Next I grabbed some leftover white paint to use with the stencil, I started by placing the Magnolia & Berries Cutting Edge Stencil on different areas of the back wall to see how many rows would fit on the wall so I could determine the placement for the rows.
I decided to start on the right side of the wall and taped it up on the wall using painter’s tape and clipped on my stencil level. The stenciling kit I used came with a stencil level which is SO helpful for keeping the pattern level and even. It clips right onto the top of the stencil and is so convenient. I highly recommend this stencil kit because it contains everything you need, and the stencil level is definitely worth it!
Painting The Pattern
Next I grabbed 2 paper plates for the paint. I poured a little white paint onto the first paper plate and dipped my small foam paint roller. Then I rolled the paint roller onto the second paper plate to remove any excess paint.
The key to avoiding paint getting underneath the stencil is by using the paint sparingly, and not overloading the roller. Another tip is to use light pressure while rolling the paint to avoid bleeding. You can go over the area 2 or 3 times to make sure you get full coverage.
After I rolled the whole stencil I peeled off the stencil to reveal the design. This is the most exciting part, as you get to see how your pattern is turning out!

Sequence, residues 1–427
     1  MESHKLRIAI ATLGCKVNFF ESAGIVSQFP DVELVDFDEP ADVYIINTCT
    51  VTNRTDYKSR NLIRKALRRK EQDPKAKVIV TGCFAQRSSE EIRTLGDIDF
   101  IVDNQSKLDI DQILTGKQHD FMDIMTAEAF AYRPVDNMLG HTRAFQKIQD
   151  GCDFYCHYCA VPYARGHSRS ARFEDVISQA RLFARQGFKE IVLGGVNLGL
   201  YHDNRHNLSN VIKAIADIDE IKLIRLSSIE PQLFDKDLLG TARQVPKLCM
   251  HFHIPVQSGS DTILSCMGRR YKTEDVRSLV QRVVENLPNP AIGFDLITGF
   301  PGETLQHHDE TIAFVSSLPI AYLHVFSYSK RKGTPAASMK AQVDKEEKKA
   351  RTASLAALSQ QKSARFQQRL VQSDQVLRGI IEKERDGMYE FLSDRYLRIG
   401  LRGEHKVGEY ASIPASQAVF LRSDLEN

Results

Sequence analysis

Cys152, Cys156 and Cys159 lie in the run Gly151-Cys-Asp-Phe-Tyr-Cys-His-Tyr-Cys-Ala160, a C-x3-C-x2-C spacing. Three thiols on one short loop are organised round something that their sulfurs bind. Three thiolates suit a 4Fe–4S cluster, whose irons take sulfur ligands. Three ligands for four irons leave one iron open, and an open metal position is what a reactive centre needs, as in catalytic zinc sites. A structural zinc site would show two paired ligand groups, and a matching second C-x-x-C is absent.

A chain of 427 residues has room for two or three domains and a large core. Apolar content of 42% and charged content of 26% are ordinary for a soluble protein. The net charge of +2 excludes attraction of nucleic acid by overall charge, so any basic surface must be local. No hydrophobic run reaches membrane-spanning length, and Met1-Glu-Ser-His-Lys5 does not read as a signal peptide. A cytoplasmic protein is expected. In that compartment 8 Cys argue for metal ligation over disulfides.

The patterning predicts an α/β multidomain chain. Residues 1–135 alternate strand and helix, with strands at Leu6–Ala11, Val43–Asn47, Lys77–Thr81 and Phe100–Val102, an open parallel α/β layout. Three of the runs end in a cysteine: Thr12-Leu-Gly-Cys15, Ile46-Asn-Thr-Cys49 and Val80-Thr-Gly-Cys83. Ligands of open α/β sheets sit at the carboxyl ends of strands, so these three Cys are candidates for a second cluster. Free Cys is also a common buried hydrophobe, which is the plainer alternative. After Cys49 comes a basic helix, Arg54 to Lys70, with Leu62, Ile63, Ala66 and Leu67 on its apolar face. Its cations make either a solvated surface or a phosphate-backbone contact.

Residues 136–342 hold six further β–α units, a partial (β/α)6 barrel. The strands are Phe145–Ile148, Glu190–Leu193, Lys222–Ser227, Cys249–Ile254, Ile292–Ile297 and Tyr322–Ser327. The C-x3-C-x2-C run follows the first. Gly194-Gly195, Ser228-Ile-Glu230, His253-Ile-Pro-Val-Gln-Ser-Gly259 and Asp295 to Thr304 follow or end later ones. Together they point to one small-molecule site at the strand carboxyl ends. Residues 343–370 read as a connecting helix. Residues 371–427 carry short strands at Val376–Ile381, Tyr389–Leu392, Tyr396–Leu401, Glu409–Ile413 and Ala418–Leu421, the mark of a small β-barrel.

After the first stenciled area was dry I placed the stencil below the first section by lining up the top of the stencil over the bottom section of the painted pattern. As you make your way around the wall you will keep lining up the stencil over the previously painted section edges to make sure it is lined up correctly. This is what will give your wall a seamless look – to look like wallpaper!
How To Stencil In Corners
When I got to the tricky corners, near the baseboards and top of the ceiling I bent the stencil as much as possible to get it as close to the edge as I could. Then I used my stenciling brush to dab the paint on lightly using very little paint to avoid bleeding!
There were still parts on the bottom near the baseboards and in the corners that I couldn’t get the stencil to bend into. For those spots I hand-painted the pattern to fill in those areas, while looking at the stencil pattern as a guide.